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Tuesday, December 23, 2008

The thing with government...

The thing with government is, is that government, need not know the exact details of any private sector initiative. However, a government, only need to know how to go about making the necessary decisions to make the private sector, more efficient.

Not that I'm saying that government need to not know, intimately, the needs and the dynamics of every industry either. However, the government need only know how and what to put in place, to make the situation more responsive to the market demands. A good observation on behaviour and activity, is better served than having a know it all expert on any issue. The expert may in turn use his or her expert position, to hoodwink you at every corner, or, stifle progress for personal gain at every turn. It is the free market, after all.

This admission of this most rational theory, is on the premise that the government, through laws and regulations, know exactly what is legal in the market place as a component of the market--at the very least. Government's should know what's right and what's wrong in a jurisdiction. Also, it is also based on the premise that no one politician, will have the power or position in democracies, to have the end all say in every single private market initiative.

This assumes too that in other forms of governments, dictatorships as well as communist states, that they have tried centralized economic decision making and, have fell short in harnessing the effects of a full, participatory market place. The evidence to believe this is a fair assumption, is clear on regimes that are dictatorial or very centralized with power in an elite few, who neglect many natural resources and comparative advantages, for the sake of their own interests. A recent and more relevant example comes to mind with the Iraqi oil fields, for years, under-developed by Saddam Hussein. Also, the lack of other, possible, alternatives in the market for other countries, with similar comparative advantages but little or no incentive to produce or invest in it--the entire Caribbean, with little or no alternative, other than tourism and administrative services; financial, legal and now, research and data storage.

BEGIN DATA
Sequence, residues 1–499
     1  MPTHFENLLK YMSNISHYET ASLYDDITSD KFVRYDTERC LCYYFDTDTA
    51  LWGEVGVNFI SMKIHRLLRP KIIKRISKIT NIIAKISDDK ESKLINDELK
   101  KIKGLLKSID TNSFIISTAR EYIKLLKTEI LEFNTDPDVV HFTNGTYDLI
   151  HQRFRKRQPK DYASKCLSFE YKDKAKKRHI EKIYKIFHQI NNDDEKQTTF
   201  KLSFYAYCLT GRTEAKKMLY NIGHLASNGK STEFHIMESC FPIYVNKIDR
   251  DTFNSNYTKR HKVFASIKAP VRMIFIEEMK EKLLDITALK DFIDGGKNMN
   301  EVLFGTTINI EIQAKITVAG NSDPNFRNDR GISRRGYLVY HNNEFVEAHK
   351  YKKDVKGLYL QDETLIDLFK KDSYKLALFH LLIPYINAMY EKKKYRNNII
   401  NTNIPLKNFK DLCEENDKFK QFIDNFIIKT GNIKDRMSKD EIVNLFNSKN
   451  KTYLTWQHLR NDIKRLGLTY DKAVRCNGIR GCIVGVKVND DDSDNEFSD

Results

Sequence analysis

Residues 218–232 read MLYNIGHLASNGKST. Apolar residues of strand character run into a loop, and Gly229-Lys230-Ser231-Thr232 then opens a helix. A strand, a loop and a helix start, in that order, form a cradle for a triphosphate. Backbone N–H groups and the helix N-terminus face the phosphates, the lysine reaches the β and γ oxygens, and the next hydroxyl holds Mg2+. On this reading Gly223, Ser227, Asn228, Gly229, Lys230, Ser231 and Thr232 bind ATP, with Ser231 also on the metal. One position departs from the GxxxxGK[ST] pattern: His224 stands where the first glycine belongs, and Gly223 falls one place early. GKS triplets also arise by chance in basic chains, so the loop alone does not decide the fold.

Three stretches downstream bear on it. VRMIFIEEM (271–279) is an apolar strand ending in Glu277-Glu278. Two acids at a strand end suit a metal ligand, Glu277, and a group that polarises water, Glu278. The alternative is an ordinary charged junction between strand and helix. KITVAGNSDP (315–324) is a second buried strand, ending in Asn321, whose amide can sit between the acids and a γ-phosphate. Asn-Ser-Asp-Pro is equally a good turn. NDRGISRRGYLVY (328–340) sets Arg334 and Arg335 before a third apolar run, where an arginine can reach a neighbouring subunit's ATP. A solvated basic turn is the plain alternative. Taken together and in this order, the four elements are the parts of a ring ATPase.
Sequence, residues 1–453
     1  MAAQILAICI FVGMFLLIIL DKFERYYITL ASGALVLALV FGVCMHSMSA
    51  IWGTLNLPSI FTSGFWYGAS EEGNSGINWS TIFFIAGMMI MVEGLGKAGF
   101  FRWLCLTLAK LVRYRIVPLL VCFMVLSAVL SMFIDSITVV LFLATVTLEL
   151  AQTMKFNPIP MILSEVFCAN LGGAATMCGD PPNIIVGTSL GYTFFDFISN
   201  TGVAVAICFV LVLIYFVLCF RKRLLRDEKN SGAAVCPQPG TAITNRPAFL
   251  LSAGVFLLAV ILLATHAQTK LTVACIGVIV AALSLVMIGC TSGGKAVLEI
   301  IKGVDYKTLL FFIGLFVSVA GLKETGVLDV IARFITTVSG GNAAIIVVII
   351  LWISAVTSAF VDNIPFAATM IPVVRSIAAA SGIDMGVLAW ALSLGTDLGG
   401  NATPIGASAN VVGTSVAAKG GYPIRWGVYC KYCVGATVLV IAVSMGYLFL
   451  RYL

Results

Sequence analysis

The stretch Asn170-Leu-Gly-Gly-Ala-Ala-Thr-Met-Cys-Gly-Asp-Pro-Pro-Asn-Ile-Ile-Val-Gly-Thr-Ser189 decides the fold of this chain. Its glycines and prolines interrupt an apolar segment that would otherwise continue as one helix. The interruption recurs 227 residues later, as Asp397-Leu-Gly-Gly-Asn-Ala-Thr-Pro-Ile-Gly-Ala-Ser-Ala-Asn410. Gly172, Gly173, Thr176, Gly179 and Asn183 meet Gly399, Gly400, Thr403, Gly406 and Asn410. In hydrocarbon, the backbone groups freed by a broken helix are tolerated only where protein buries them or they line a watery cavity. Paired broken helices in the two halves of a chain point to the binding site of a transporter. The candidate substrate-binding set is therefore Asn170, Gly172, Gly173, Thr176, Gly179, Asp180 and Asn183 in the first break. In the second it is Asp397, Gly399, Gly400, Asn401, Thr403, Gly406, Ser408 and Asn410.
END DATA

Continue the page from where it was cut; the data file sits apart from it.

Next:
At that base level I feel, it is not necessary that a government or a politician, be a hot shot expert on anything. However, they do need to see and have a vision for talent and best practice, considering the circumstances that are presented to them.

For example, it did not take a hot shot financier, to know that futures trading, was sending the market into inflationary sessions. But, it does not take a hot shot financier, to know that there should be a cap on that if we are to have equitable prices in the market and to make the necessary adjustment on that type of market activity.

Based on that function and the obvious nature of that example, there are very many differing degree's of latitude that one can and should take to adjust to circumstances and situations--not just for government, but in your professional and personal life as well!
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